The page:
When Subjects and Verbs Agree

The Easy Guide to English Subject-Verb Agreement

Verbs and their subjects must "agree." We often call this "subject-verb agreement."


What is subject-verb agreement?


to agree: when two or more parties (people or groups) have the same opinion


"Agreement" in grammar occurs when a word must be in a particular form to relate correctly to the words around it.


In Standard English, verbs in any tense and their subjects must agree in two ways: in person and in number.


Correct:

I am.

We are.


Incorrect:

I are.

We am.


Person: "I" is a subject pronoun and first person singular. "We" is a subject pronoun and first person plural.


Number:

"Am" is always singular verb with first person (I).

"Are" can be and is usually used as a plural verb.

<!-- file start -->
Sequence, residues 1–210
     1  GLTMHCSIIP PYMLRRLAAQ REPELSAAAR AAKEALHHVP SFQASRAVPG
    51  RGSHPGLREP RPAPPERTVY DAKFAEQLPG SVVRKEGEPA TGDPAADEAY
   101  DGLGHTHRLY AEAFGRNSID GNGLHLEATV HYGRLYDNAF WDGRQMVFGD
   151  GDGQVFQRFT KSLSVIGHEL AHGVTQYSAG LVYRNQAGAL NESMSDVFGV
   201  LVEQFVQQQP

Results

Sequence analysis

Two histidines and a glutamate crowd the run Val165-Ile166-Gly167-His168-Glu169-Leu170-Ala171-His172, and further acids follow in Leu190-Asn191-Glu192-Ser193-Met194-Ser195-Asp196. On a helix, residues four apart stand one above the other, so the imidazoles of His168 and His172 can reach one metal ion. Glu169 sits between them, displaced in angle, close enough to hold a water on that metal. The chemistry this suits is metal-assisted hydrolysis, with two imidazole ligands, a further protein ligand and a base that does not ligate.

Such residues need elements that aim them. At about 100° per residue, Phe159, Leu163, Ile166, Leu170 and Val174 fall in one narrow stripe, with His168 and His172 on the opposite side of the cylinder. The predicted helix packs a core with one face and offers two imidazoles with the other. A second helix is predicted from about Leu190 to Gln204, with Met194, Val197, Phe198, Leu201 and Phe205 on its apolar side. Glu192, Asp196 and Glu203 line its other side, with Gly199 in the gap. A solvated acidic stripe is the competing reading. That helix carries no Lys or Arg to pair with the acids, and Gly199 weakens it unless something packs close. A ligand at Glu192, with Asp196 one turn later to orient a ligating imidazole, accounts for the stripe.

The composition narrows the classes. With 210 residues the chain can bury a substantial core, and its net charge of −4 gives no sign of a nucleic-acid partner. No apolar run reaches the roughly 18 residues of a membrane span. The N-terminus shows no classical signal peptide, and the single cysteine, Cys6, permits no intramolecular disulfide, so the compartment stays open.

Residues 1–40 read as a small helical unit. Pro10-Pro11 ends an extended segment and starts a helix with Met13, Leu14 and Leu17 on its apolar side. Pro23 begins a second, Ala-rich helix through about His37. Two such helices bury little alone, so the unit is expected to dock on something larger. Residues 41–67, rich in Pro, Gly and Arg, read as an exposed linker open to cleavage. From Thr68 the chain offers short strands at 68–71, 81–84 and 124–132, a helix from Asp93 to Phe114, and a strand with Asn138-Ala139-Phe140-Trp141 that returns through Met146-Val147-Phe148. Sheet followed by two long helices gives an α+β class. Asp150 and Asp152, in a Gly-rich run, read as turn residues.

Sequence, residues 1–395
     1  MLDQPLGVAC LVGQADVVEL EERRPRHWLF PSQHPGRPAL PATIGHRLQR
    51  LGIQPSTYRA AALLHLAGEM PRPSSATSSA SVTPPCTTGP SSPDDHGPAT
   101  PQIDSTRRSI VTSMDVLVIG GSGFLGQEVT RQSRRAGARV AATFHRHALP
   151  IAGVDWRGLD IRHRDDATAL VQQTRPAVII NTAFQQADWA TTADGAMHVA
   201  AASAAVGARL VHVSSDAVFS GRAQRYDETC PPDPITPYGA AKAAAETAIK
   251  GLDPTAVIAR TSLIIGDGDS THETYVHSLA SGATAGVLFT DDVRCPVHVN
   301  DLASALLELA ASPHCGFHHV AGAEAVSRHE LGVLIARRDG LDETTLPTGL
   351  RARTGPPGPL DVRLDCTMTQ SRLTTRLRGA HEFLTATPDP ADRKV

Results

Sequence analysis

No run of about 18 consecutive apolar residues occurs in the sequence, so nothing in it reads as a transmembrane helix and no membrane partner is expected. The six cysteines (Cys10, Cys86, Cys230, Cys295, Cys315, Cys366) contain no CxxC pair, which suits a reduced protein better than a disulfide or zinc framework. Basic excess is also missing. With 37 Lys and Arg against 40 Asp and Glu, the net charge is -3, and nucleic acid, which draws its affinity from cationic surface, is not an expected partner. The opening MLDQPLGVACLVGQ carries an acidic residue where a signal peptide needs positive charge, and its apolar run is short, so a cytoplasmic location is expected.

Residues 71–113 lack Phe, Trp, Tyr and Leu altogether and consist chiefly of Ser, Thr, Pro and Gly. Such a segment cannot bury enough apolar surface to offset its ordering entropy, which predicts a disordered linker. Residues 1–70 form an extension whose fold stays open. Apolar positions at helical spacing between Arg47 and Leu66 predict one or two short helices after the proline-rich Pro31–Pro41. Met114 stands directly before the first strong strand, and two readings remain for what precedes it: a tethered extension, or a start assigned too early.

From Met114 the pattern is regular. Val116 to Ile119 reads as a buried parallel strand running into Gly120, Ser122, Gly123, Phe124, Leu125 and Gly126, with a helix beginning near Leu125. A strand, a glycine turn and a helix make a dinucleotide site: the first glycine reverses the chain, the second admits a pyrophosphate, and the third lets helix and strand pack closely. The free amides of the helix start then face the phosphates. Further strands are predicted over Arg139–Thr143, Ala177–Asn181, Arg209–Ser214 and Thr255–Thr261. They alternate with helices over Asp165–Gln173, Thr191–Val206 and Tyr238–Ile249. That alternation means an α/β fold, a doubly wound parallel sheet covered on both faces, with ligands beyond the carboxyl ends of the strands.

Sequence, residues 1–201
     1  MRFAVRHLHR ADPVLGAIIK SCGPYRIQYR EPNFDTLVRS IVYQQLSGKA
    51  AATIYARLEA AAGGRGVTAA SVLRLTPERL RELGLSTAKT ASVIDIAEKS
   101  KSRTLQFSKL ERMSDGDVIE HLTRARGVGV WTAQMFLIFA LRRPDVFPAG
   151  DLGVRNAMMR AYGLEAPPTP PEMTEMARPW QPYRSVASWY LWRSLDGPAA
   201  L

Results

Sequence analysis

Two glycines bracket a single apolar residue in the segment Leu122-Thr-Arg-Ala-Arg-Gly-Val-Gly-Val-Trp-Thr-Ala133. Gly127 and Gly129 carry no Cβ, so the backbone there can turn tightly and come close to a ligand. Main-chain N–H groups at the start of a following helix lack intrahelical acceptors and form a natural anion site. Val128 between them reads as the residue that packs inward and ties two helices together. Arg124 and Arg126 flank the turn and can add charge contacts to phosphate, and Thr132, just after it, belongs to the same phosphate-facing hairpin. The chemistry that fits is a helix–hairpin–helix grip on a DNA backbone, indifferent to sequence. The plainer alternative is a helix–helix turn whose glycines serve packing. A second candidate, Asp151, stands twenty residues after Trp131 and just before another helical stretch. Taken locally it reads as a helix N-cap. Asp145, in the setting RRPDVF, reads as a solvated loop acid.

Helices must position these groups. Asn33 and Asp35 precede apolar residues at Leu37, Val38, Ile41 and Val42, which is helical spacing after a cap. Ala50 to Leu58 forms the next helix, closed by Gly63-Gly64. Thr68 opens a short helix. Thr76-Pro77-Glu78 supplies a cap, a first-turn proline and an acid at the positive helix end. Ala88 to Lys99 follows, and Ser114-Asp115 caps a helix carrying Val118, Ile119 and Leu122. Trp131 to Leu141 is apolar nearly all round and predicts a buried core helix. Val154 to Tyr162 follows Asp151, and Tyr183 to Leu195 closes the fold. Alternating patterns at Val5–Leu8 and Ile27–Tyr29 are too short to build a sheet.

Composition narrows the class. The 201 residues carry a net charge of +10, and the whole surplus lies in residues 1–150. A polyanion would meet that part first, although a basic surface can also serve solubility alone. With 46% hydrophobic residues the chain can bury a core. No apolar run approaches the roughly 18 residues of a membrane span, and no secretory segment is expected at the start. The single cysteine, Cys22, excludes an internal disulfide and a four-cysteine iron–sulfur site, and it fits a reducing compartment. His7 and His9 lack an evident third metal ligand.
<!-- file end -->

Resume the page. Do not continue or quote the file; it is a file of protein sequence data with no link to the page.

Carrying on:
Those seem easy enough, but what about the trickier cases? Here we go.


Proper Nouns

Proper nouns (names) can be plural (end in s --or i in Latin) but refer to only one person, place, or thing. Don’t worry! The reasons are easy to understand.


Here are some examples:


Mumps is a common childhood disease.


Why? Mumps looks like it is plural, but "mumps" is really the name of a single disease, so it is a singular noun despite the “s” on the end.


There are some other names that are plural (ending with “s”) but which require singular verbs.


The United Nations is in New York City.


Where is The United Nations? It is in New York City.


Why? The United Nations (capitalized) is a single organization rather than multiple nations, so it is treated as a singular noun:


Here is a different usage of these same words “the united nations" when the words are not capitalized:


The united nations of Canada, the United States, and Mexico were able to defeat the mumps through a vaccine program.


Same meaning: When united, the nations of Canada, the United States, and Mexico were able to defeat the mumps through a vaccine program.


Why? Here we are referring to multiple nations which were united, not the name of an organization.


Pronouns

Whether indefinite pronouns--and other determiners--are singular, plural, or can be used for both is usually obvious, but these can also be tricky sometimes.